In Australia, we tend to be a rather informal and laidback lot, but it can be a different matter when it comes to weddings! Whether you are having a small intimate affair or a splashy formal do, there’s a lot to think about and plan for.
The situation also calls for a little etiquette that you might not be very familiar with. Let’s take a look at the etiquette surrounding wedding invitations, including who to invite, when to send invitations, and other tricky matters.
Who should be invited?
This can be a sensitive issue! Many a wedding has resulted in some people having their noses out of joint because they assumed they would be invited to the wedding or reception and they haven’t been.
It’s important to be clear about the number of guests you want right from the start. The number is likely to be restricted by a variety of factors, including your budget, and the size of the reception and wedding venues. It can be difficult to whittle down the list of prospective guests, but here are a few tips on choosing who (and who not) to invite:
- Family relatives – it’s generally expected that you invite close family members, such as parents, siblings, grandparents, aunts and uncles, and possibly first cousins. As you move further out the family tree, you may find you cannot invite every relative, especially if you or your fiancé have very large extended families.
- Friends – as for relatives, you may have to restrict your guest list to closest friends only.
- Co-workers – you are not obliged to invite people from work, but if you do, it might be prudent to send their invitations in the mail, and also to not talk too openly about the wedding in the office if you feel it might lead to some hurt feelings for the uninvited!
If you are really not sure who to invite, consider writing out three lists – one for definite invites, one for maybes, and one for the no-no’s. This should help you arrive at the final number more easily. Once you are clear about numbers and the guest list, it makes it easier to explain to others why you cannot invite them on this occasion.
As a gracious host you could also consider holding a less formal party or gathering for the people who are not invited to the reception. For example, if you are having an evening reception, you could put on an afternoon tea for people who have come to the ceremony but who are not attending the formal dinner.
When should the invitations be sent?
Generally speaking, you should send your invitations at least eight weeks prior to the date. The RSVP date should be at least three weeks before the event, so you have enough time to make the final arrangements.
Remember that if you will be inviting people from interstate or overseas, you might need to let them know the date sooner, so they have enough time to make travel plans.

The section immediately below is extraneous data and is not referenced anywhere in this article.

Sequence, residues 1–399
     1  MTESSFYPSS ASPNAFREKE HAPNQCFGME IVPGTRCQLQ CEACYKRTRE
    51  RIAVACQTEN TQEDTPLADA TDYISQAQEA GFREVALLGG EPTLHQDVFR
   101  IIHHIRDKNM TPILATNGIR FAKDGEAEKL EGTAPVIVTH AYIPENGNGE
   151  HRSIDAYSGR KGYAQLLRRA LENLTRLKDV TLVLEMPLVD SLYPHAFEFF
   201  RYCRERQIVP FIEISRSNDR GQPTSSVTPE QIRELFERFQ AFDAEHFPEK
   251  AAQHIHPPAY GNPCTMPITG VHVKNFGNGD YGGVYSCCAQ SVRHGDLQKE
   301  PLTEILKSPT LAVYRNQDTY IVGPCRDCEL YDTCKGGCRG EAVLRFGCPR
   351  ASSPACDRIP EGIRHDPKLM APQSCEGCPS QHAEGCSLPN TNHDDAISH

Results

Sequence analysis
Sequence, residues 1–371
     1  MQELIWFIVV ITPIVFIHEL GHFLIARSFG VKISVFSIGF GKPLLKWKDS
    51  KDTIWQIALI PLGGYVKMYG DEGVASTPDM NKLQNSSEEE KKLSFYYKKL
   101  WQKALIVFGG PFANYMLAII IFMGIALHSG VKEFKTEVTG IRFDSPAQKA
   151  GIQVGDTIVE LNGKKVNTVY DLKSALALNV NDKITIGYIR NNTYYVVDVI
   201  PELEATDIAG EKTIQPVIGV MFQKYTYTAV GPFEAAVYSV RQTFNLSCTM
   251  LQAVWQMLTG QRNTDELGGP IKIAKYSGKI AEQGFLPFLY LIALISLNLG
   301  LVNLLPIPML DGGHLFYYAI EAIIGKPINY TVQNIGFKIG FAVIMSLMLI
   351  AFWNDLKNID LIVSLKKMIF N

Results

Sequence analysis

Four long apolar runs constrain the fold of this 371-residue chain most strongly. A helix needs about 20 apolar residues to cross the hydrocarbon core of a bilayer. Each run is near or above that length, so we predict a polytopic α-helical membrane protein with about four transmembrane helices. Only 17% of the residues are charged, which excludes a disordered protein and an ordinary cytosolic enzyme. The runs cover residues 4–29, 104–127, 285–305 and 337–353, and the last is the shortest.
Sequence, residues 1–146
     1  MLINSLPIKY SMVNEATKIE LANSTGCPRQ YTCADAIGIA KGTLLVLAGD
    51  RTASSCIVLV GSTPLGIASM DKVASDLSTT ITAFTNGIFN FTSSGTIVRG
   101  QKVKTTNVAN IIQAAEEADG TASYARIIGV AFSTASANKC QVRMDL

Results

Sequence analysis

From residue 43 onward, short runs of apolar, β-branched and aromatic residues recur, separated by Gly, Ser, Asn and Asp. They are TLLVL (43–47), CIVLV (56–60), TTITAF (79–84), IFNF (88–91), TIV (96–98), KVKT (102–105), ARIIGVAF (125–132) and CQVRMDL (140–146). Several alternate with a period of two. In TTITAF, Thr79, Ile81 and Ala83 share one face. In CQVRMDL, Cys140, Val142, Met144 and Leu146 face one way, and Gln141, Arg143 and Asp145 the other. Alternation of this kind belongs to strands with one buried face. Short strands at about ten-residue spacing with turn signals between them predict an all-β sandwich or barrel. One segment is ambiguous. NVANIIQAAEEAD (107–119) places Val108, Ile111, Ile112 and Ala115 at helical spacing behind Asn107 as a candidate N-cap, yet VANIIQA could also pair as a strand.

Should you arrange accommodation for out-of-town guests?
There are no rules for this, but it is good to bear in mind that out-of-town guests may be going to considerable expense to come to your big day. If your wedding venue in Victoria for example offers accommodation, you might book for them and be able to obtain a better rate.
Should you have a gift registry?
Although guests are not obliged to bring a gift, most people do want to give the wedding couple something, and a gift registry can be a good idea to avoid unwanted items.
Be subtle about it though – don’t give out a wish list, but you can include the web address of the registry on the invitation. Make sure to include a wide range of gift values to allow for all budgets.
What about children?
There is no obligation to invite children, so it probably depends on the situation. A formal sit-down dinner may not be suitable for very young children, so you may want to impose an age-limit and make it clear on the invitations.
If you don’t mind toddlers running around the dance floor, by all means invite them. And don’t forget that little ones can add fun to a wedding – especially once the music and the dancing starts!
What about estranged couples?
Now here’s a possible dilemma! If you know some separated or divorced couples who are not on good terms, and you are friends with both parties, you should feel free to invite them both. If you know there is animosity between them, though, you may need to make it clear that they need to leave this behind. The fact is, if they both truly care for you, they won’t want to spoil your day.
Can guests bring their own guests?
If you allow singles to bring a guest, you might end up with perfect strangers at your wedding. So if numbers are restricted, it’s best to stick to ‘significant others’ only.
To deal with this, wedding guide Bride-to-Be suggests putting the invited guest and significant other’s name on the RSVP card with an option to tick if attending, rather than leaving it blank for them to fill their own name or names.
Hopefully by following this invitation etiquette guide, along with a decent dose of kind consideration and good management, this part of your wedding planning should be relatively trouble free!